It’s always a good idea to know who stands behind the seafood you are buying. I first came into contact with the Reaves family when I was a child, when Laten would come down from North Carolina to shrimp here in the 1960s. He packed at my father’s dock on Lady’s Island, and eventually settled down here with his family. Craig’s mother and father are still heavily involved in the business, and they can often be found at the Sea Eagle Market on Boundary Street, which the family acquired in October 2007.
    Craig’s brother, Cameron, is what you might call the company’s CFO – the chief fishing officer. He spends a lot of his time on the water, catching shrimp and crabs and gathering oysters, while Craig spends more and more of his time on land as his businesses grow.
    One of the most interesting things at Sea Eagle is a mural on the front side of the counter. It’s a landscape that shows the Rose Island Seafood dock and the surrounding marshes in all their expansive glory. It was painted by another Craig – this one Craig Valentine, a crew member on the Reaves’ boats. I have a feeling he could make a lot more money painting than he could shrimping, but it’s probably like having the best of both worlds to do both.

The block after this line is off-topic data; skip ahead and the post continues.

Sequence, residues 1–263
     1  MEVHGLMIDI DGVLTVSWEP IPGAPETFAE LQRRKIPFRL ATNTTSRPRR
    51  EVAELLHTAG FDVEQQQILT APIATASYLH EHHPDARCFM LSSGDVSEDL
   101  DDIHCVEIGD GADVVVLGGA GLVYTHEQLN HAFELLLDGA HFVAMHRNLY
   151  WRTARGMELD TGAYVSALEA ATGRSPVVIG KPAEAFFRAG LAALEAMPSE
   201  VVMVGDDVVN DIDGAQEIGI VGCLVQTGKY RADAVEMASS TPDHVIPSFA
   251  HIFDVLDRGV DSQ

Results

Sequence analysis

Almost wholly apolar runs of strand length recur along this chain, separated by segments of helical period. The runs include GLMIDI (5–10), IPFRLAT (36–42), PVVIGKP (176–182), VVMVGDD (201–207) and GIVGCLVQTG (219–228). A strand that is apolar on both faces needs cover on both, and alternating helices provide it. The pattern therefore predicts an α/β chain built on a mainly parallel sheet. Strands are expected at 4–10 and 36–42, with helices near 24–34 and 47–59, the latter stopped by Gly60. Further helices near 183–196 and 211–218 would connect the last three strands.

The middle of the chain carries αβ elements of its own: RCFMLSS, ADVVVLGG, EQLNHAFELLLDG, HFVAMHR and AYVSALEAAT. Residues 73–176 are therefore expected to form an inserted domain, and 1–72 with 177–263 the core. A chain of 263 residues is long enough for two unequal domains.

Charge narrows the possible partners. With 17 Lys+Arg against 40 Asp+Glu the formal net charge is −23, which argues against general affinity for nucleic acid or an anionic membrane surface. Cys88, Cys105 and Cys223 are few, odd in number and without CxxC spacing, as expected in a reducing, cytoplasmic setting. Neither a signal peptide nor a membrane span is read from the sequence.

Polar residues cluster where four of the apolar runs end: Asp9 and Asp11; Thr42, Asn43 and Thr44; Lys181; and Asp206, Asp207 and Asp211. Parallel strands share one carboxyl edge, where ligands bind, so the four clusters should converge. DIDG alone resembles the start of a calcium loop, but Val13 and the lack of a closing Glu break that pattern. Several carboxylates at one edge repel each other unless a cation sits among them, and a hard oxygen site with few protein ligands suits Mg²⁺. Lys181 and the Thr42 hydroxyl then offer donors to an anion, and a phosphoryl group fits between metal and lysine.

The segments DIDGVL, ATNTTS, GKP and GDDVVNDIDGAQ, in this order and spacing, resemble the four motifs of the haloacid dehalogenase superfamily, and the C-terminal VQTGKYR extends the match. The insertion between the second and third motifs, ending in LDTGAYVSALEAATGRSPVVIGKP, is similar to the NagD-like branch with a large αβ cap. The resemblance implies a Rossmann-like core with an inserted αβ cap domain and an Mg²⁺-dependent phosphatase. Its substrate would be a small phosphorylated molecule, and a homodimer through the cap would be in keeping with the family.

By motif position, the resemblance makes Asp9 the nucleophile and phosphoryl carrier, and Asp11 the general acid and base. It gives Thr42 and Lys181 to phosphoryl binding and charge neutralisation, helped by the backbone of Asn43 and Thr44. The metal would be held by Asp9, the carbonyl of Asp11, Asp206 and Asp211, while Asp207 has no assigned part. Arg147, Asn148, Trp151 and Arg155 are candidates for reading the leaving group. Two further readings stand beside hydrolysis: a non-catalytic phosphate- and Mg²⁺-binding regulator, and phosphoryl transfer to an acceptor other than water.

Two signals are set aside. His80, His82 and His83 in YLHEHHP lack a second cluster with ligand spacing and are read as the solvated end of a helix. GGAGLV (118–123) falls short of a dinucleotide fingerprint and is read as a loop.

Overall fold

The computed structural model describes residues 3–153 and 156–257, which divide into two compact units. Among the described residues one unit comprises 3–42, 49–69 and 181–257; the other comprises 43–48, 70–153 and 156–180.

The Reaves have brought many gifts into this community – they give jobs to talented artists and poets, they provide a steady supply of fresh local seafood, they keep our sense of place intact with their dock and shrimp boats, and they are good for our tax base.
    But I would say that for them, the most important thing is sharing their faith. It’s more than a fish market – it’s a mission.

If you go:

Sea Eagle Market, Beaufort, (843)521-5090
2242 Boundary Street, next to Huddle House in Beaufort, (843)521-5090. Open Monday-Saturday 10-6:30; fish cleaning up until 6 pm.
The Reaves offer a wide selection of local seafood, including shrimp, fish, crabs and oysters, at this market. They also have fresh seafood, including scallops, that comes from reputable sources in other locales. There’s a variety of organic meats and chicken from Wil-Moore Farms, in Lugoff. And you can get spices and breading mixes, and I recommend the local We Island Gumbo N Ting products. A special treat on Saturdays, and on some Friday afternoons: the folks from We Island are there with their big stew pot, selling freshly made, delicious shrimp gumbo to go. Get the big container, cause it’s good.

CJ Seafood Express
1421 Ribaut Road, next to Alvin Ord’s in Port Royal, (843)812-6344. Open Monday-Saturday 10-6.
This is the fast food drive in version of a fish market. You drive up, check what they have in the coolers, make your choice, then off you go. There’s a more limited selection than at Sea Eagle, but most of it is fresh, a lot of it is local, and it sure is convenient.

Rose Island CJ Seafood, 124 Rose Island Road, St. Helena Island, (843)838-2062.
This is where the dock is. I haven’t been here yet, so I’m saving the details for another column. I just want to make sure you understand that the seafood markets are in town are affiliated with an actual dock, with actual fishermen catching actual local food.